Putin on a surprise visit to Mariupol

Russian President Vladimir Putin visited the occupied Ukrainian city of Mariupol over the weekend, inspecting reconstruction work and visiting the home of at least one local resident, the Kremlin said in a statement on Sunday.

Putin arrived Saturday evening in the port city under Russian control since May and illegally annexed by Moscow in September.

“As befits a thief, Putin traveled to Ukrainian Mariupol, under cover of night,” the Ukrainian Defense Ministry tweeted. “First, it’s safer. Also, the darkness allows him to showcase what he wants to show, and keeps the city completely destroyed by his army and his few surviving inhabitants out of sight. prying.”

Putin arrived by helicopter and then drove through the city to inspect reconstruction work in several neighborhoods, the statement said. It was Putin’s second trip to the newly annexed territories, this time after visiting Crimea on Saturday to mark the ninth anniversary of Russia’s illegal takeover of the Black Sea peninsula.

The news comes less than two days after the International Criminal Court (ICC) issued arrest warrants for Putin and Maria Lvova-Belova, an official in its office responsible for children’s rights. The court cited their alleged involvement in the illegal deportation of children from occupied areas of Ukraine to Russia.

Ukrainian presidential aide Mykhailo Podolyak tweeted that as the civilized world announced the arrest warrants, “the killer of thousands of Mariupol families came to admire the ruins” of the city and its graves.

“The criminal always returns to the scene of the crime,” tweeted Pololyak. “Cynicism and lack of remorse.”


►Putin, speaking on state TV, said he only launched a full-scale invasion of Ukraine in 2022 because Russia’s military and economy were not strong enough prepared when Moscow invaded Crimea in 2014.

►A shortage of explosives in European Union countries, the result of high demand during the war, is limiting the bloc’s ability to supply Ukraine with the ammunition it has requested, the Financial Times reported. London.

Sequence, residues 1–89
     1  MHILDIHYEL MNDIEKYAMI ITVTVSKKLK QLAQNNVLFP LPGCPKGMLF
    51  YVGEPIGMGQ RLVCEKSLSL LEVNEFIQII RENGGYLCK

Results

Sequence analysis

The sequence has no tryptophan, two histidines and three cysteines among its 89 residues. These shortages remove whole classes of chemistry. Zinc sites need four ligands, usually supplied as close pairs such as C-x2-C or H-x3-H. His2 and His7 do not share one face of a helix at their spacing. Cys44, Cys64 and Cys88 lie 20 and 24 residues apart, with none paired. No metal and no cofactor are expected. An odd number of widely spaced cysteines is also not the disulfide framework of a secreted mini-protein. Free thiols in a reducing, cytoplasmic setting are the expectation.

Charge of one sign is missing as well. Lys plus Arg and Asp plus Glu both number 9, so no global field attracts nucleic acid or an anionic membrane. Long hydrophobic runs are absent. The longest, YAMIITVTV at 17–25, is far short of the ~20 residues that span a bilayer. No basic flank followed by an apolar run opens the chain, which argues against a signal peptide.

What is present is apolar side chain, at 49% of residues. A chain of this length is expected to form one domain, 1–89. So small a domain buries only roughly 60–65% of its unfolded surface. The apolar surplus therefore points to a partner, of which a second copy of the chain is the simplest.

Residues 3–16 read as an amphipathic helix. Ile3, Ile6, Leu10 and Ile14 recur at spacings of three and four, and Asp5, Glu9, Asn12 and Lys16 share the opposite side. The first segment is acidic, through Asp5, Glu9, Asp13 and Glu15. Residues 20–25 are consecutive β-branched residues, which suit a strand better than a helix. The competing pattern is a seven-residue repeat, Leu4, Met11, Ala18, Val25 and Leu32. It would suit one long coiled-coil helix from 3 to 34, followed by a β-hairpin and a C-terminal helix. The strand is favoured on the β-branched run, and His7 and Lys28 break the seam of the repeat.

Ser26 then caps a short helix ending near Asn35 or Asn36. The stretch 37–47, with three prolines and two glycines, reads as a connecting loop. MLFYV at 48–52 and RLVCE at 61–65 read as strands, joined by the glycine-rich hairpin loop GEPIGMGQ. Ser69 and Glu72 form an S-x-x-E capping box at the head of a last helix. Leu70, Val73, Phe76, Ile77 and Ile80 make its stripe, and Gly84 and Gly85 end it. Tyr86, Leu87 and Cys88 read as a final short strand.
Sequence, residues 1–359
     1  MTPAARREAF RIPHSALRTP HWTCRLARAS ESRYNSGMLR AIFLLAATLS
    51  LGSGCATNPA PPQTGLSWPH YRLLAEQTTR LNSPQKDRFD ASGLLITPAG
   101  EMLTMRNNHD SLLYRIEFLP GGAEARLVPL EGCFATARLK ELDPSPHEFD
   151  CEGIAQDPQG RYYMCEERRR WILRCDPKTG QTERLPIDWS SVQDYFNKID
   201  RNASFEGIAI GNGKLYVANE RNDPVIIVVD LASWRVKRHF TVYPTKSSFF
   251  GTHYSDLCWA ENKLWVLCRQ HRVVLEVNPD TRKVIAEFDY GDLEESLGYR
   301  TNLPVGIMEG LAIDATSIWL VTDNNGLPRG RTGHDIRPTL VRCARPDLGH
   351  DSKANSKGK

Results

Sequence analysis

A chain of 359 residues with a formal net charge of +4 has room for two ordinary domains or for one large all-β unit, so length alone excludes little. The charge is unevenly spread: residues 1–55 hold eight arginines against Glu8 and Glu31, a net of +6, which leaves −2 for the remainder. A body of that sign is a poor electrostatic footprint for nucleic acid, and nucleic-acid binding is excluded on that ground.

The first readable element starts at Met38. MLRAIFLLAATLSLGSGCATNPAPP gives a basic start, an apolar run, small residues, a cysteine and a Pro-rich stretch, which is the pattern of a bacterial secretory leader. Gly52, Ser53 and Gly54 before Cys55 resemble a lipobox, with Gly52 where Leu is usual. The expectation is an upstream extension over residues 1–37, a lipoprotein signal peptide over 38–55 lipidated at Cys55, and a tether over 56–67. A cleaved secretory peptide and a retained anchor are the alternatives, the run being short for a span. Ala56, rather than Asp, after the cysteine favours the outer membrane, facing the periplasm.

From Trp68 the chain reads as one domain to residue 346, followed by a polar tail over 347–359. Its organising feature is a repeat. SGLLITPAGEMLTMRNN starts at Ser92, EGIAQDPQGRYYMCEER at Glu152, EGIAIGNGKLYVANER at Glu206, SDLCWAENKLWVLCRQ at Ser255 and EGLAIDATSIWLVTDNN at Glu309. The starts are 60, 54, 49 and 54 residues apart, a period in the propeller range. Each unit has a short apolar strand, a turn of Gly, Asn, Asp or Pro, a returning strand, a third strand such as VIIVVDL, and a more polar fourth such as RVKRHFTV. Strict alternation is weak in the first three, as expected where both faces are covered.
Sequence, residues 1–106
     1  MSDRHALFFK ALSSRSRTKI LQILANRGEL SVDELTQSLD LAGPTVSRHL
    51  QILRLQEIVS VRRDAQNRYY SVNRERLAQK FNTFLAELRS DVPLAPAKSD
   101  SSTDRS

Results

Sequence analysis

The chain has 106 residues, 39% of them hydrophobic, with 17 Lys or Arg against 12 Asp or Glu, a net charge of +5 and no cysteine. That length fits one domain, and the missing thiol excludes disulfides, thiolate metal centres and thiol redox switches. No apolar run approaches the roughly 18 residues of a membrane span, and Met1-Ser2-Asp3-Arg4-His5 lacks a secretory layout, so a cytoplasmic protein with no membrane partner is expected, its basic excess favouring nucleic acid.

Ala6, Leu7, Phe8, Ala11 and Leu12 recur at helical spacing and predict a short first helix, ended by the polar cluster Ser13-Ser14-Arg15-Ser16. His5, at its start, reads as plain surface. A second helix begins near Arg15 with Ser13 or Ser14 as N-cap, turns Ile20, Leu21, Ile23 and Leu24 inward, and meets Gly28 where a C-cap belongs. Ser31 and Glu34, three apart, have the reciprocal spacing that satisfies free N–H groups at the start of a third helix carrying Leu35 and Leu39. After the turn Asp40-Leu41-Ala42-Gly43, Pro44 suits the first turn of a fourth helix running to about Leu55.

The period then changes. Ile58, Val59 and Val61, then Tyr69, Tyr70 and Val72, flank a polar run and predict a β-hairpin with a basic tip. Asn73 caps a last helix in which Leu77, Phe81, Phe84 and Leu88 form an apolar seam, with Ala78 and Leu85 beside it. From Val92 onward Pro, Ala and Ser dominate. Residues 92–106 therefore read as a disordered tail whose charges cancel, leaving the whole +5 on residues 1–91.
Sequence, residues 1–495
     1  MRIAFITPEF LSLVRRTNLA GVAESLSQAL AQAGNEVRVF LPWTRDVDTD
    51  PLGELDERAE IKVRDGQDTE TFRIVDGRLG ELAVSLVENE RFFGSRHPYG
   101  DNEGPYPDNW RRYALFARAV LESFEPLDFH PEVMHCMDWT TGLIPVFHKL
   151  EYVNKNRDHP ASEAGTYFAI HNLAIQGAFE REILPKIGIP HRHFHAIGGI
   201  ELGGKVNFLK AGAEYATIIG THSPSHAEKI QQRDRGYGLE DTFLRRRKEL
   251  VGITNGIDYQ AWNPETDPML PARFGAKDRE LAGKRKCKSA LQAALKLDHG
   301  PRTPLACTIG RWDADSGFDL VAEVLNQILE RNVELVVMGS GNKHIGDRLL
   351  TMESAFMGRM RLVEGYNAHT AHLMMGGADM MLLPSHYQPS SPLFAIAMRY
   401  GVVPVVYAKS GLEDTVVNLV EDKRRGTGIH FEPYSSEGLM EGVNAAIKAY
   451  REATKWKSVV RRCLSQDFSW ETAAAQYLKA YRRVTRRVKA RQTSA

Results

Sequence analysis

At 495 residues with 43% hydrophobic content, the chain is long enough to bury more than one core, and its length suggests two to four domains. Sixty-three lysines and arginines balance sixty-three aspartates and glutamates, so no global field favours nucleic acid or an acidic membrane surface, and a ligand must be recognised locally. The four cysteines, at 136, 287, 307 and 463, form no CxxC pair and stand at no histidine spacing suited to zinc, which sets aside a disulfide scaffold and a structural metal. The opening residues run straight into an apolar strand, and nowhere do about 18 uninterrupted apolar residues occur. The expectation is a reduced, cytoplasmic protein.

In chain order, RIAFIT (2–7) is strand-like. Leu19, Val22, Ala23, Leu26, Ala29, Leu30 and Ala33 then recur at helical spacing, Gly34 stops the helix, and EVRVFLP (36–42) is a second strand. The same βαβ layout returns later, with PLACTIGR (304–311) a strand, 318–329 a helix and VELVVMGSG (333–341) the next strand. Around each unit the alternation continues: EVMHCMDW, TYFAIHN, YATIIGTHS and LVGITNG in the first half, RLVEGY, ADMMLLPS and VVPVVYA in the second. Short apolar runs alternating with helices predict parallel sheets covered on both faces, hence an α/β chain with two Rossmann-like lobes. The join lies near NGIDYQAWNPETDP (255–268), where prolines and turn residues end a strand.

►The Peoples’ Friendship University of Russia in Moscow has replaced a vice-rector after an exhibition featuring a Ukrainian flag. The exhibition, held last month, was dedicated to national communities and included a section on Ukrainian culture.

►Putin signed two bills in recent days that dramatically increase fines and prison terms for disparaging Russian forces in Ukraine – and for selling Russian weapons to Ukraine or its supporters.

►The leader of the Wagner Group’s Russian mercenaries, Yevgeny Prigohzin, says Ukrainian forces are preparing to launch counter-offensives in five directions in mid-April. The Washington-based Institute for the Study of War says Prigohzin urged Russian forces to prepare by preserving ammunition and equipment.

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Putin ready to welcome his “good old friend” Xi

Russian President Vladimir Putin expressed his appreciation for China’s attempts to mediate on the eve of welcoming his “good old friend” Xi Jinping, the Chinese leader who will visit Moscow from Monday.

“We are grateful for (China’s) balanced line regarding the events unfolding in Ukraine, for understanding their background and true causes,” Putin said in an article the Kremlin said was written for a newspaper. Chinese, according to Reuters. “We welcome China’s willingness to play a constructive role in resolving the crisis.”

China and Russia have a common goal of wanting to reduce US global influence, and a few weeks before the start of the war last year, they committed to a “limitless” partnership.